Computerized Screener Helps Detect Youth Suicide Risk
Researchers have developed a computerized adaptive screener to identify youth at risk for attempting suicide. In a new study, the computerized adaptive screen for suicidal youth (CASSY) correctly identified 82.4 percent of youth who went on to attempt suicide in the 3 months after screening. The findings from this NIMH-funded study appear in JAMA Psychiatry.
Suicide rates for adolescents have risen over the past two decades. Some 40 percent of adolescents who die by suicide have been treated for a mental health concern, often at an emergency department (ED).
Given the time and budgetary constraints of many EDs, a screener that can quickly and accurately identify suicide risk could be especially useful in these settings.
The CASSY goes beyond a typical questionnaire by using a person’s initial responses to help vary and personalize the later questions, adapting to each person who takes it. This allows hospitals to alter the sensitivity and specificity of the screen and then target mental health follow-up and resources where most needed.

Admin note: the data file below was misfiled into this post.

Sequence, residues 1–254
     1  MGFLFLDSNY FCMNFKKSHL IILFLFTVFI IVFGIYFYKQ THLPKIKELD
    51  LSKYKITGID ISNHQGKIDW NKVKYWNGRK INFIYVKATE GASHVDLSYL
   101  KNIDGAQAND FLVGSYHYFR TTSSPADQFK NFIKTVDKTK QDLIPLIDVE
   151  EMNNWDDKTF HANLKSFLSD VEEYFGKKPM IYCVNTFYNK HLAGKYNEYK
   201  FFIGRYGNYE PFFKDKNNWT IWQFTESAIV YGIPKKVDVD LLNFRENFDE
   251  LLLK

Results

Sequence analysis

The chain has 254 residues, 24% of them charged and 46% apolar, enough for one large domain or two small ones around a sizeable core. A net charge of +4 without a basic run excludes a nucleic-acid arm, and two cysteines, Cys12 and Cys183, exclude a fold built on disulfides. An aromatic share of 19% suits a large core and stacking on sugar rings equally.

The study, led by Dr. Cheryl King, a psychiatry professor at the University of Michigan, was a collaboration with 13 EDs within the U.S. Pediatric Emergency Care Applied Research Network and one Indian Health Service ED.
Youth admitted to an emergency department at the study sites answered about 11 questions about suicide ideation; history of suicide attempts; self-injury; depression; hopelessness; alcohol and drug misuse; abuse; family, school and social connectedness. Researchers then followed up with the families 3 months later.
“No young person should die by suicide, which is why we have made bending the curve in suicide rates a priority area of research for our institute,” said NIMH director Dr. Joshua Gordon. “The CASSY screener represents an important advance in identifying those adolescents who are at risk for suicide, so they can be connected with the critical support services they need.”